‘O Irmão Alemão’ (‘My German Brother’) by Chico Buarque

My rating: 2 stars

To write O Irmão Alemão, My German Brother in the English translation, the Brazilian author and singer-songwriter Chico Buarque drew inspiration from his family history. When he was 22 years old, Buarque discovered that his father had had a son while living in Germany. Nevertheless, the story in this book is mostly fictional. The premise is full of potential – the narrator wants to discover what happened to his German brother. Unfortunately, the execution is nothing but disappointing, since the characters don’t feel real and the writing style is not absorbing.

Francisco de Hollander, the narrator of the book, once found in one of his father’s books a letter from a German woman, Anne Ernst, dated from December 1931. His father had lived in Berlin between 1929 and 1930, before he got married, and in the past Francisco had also overheard a conversation about him having another son in Germany. He finally had confirmation of the existence of this brother when Udo, a friend of his friend Thelonious, translated for him the letter he had unearthed.

Afterwards he became fixated with discovering what had happened to his German brother. While looking for clues, he came up with possible theories for various events. Throughout the book, there is a mix of reality and conjecture, which are occasionally so blend in with one another that it’s difficult to discern which is which. Continue reading

Book Haul – March 2021

March felt like a good month to get more books, though since last year I’ve been trying to read all of the books that I own before buying new ones. This haul consists of both novels and short story collections, almost all of them written by women. Some have been on my wish list for ages, others are more recent discoveries.

 

Girl with a Pearl Earring by Tracy Chevalier

Inspired by Johannes Vermeer’s famous painting, Girl with a Pearl Earring tells the story of Griet, a servant girl who becomes the student and muse of the Dutch painter. Scandal erupts when he gives her his wife’s pearl earrings to wear for a portrait. I’ve been meaning to read this historical fiction novel for ages and hopefully won’t be disappointed.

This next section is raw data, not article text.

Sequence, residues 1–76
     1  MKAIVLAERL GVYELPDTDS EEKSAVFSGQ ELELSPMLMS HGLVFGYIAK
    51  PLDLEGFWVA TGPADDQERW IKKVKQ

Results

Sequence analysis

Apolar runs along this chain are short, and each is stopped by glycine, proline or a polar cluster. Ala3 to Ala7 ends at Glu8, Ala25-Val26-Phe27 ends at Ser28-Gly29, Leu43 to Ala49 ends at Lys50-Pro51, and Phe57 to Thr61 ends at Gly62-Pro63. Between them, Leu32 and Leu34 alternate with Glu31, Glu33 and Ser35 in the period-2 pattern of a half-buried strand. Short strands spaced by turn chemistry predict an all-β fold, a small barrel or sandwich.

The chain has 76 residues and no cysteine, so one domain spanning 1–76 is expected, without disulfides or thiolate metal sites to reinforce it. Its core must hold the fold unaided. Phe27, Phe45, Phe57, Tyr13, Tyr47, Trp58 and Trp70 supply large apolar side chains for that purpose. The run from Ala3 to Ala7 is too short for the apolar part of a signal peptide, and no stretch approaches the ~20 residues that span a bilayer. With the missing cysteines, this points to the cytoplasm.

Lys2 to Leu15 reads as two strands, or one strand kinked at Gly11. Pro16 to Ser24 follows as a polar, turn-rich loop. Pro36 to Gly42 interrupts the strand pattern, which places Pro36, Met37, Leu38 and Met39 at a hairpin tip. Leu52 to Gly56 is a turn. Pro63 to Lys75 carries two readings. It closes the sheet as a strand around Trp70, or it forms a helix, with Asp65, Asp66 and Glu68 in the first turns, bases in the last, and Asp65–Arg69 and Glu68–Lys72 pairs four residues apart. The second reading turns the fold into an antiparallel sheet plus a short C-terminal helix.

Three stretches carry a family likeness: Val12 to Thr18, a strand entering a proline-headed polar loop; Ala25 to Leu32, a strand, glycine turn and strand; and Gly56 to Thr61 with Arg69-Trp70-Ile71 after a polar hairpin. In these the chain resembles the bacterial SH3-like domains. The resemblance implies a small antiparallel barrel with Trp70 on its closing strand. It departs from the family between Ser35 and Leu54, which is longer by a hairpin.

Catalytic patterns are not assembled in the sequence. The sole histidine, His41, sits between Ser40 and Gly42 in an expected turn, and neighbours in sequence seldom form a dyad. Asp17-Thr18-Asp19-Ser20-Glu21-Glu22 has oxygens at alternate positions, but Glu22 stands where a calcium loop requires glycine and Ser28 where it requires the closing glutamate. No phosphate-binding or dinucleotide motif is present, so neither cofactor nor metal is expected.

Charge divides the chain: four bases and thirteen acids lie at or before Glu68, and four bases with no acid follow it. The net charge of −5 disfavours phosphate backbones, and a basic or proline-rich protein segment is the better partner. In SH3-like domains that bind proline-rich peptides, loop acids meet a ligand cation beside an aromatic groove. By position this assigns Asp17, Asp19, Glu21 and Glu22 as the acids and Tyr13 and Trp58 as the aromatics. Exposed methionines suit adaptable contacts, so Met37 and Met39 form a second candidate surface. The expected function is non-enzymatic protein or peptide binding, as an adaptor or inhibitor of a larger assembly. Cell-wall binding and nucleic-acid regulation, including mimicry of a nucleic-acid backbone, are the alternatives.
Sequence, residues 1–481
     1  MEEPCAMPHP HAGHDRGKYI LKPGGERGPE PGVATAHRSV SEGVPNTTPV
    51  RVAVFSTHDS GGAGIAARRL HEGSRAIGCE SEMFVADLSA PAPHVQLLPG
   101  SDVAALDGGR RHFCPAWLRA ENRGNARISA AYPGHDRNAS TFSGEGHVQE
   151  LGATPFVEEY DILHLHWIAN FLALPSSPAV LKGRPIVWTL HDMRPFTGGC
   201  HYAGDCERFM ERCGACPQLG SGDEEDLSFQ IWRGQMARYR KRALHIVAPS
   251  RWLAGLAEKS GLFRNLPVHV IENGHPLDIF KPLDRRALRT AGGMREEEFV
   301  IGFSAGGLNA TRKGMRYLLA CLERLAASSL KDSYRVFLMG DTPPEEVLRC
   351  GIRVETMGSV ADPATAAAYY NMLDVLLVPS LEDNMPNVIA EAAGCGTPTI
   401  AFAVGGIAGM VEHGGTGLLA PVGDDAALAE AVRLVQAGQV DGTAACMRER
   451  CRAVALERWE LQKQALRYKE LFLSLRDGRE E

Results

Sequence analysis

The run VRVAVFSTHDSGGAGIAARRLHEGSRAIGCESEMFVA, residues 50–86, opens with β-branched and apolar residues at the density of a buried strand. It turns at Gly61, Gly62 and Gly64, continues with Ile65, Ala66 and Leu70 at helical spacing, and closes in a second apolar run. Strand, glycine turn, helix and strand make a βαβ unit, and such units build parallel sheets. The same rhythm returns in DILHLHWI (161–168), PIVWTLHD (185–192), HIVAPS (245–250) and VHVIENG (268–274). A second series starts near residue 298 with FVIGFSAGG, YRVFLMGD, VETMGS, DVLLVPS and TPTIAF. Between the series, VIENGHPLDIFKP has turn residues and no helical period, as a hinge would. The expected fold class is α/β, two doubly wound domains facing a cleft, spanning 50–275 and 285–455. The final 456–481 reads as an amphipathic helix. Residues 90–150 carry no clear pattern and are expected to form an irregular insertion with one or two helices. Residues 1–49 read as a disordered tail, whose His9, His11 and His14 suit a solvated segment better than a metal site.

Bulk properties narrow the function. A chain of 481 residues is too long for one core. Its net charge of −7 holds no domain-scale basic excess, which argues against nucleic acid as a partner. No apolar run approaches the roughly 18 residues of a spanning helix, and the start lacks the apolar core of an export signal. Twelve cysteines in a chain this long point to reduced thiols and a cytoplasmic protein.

Salt Slow by Julia Armfield

Julia Armfield’s debut collection of short stories is supposedly filled with lyrical prose and dark humour. How could I resist buying it? Various feelings are explored in these tales: isolation, obsession, love and revenge. Continue reading

Books in Portuguese to Read this Year

Last year, UNESCO proclaimed the 5th of May as the World Portuguese Language Day. Although Portuguese is my mother tongue, I’ve recently been reading more books originally written in English than in Portuguese. There are some books written by lusophone authors that I definitely want to read until the end of the year, however. The list features writers from Portugal, Brazil and Angola.

 

Lillias Fraser by Hélia Correia

Hélia Correia won the Camões Prize (a literary career prize for authors who write in Portuguese) in 2015. Lillias Fraser is a historical fiction book about a Scottish girl who was part of a clan that lost the battle of Culloden against the English. She then ran away and moved to Portugal.

 

O Irmão Alemão (My German Brother) by Chico Buarque

The Brazilian author Chico Buarque is the latest winner of the Camões Prize. This book is a combination of fiction and reality. When he was 22 years old, Buarque discovered that he had a brother in Germany, so he decided to write a book about that. Continue reading